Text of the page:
Three other shops, as well as some agencies followed a first shop in Newlyn’s New Road. The Cryséde shops and department stores, such as D H Evans, offered ready made, made to order garments and silk lengths. A free pattern was offered for the purchaser of the silk lengths, to make her own dress or employ the services of a dressmaker. The shops also sold ready made and made to order garments, sewn by local women.
Women were not necessarily able to get to shops which sold products they wished to buy, so mail order was very popular at this period. By the end of 1923 there were 3,000 mail-order clients with customers in Paris, America and Australia. Fabric swatches and pieces with a complete pattern repeat were sent to client’s wishing to order a length of silk. Ready to wear dresses, made by local women were sent on a five day sale or return basis. A silk evening dress in 1930 was 5 guineas (£5.50p).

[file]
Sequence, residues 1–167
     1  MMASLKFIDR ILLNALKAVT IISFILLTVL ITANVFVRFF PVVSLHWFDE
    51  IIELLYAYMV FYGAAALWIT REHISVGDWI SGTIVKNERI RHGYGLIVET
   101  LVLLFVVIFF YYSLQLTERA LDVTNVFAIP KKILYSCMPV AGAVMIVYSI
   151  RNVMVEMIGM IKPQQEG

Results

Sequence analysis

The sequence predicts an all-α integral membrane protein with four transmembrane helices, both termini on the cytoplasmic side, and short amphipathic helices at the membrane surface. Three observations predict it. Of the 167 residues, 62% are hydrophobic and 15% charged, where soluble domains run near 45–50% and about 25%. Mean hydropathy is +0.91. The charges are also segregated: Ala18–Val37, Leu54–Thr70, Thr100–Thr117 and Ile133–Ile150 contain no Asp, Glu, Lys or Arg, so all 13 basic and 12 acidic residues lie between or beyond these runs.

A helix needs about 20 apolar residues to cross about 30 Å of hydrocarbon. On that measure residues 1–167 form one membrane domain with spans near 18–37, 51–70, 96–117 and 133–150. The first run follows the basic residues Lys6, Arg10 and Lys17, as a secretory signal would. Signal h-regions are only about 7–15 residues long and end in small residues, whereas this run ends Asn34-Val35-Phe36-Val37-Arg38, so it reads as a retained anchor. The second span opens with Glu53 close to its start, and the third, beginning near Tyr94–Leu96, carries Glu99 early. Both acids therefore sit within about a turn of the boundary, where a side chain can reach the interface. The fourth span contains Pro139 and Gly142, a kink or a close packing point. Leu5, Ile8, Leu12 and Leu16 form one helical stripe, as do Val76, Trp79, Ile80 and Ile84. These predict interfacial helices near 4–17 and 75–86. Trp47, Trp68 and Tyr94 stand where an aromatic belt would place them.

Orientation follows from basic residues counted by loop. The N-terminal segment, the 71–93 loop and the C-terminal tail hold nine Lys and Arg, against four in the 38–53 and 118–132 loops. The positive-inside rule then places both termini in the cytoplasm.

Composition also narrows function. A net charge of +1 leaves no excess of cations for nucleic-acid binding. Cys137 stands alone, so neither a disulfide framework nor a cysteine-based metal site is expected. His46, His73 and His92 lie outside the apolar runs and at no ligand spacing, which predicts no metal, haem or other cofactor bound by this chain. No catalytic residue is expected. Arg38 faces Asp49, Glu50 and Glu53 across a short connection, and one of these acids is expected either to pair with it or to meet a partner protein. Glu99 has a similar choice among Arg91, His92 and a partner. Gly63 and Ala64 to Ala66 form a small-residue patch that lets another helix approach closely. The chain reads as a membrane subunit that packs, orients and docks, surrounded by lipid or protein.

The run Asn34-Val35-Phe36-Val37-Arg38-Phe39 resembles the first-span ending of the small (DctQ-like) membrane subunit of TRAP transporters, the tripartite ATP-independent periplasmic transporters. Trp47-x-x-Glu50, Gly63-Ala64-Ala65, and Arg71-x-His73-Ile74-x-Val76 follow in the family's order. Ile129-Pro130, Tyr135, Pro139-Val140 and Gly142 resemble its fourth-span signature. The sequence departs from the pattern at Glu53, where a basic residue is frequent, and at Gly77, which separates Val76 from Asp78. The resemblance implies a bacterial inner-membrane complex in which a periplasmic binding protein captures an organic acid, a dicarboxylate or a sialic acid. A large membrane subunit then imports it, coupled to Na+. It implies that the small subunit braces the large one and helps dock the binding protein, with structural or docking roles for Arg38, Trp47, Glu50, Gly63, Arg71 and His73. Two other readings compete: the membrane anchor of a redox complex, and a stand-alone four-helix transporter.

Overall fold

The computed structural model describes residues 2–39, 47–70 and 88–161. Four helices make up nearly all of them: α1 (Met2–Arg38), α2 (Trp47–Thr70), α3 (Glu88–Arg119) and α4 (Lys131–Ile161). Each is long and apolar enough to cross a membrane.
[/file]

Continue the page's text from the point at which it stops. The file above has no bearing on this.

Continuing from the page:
At this period manufacturers of silk garments promoted their products as just silk. Walker advertised Vigil Silk as a brand. The label guaranteed the silk would be colourfast and would withstand repeated washing. The firm stated that the durability of their heavy washing silk was ideal for everyday wear, morning and evening gowns and sportswear such as tennis dresses. In 1921 Edward McKnight Kauffer was commissioned to produce another poster for Walker.
In the 1932 catalogue block printed linen and cotton cambric were recommended for furnishings for the first time, as well as non-fade tussor silk and printed and plain shantung.
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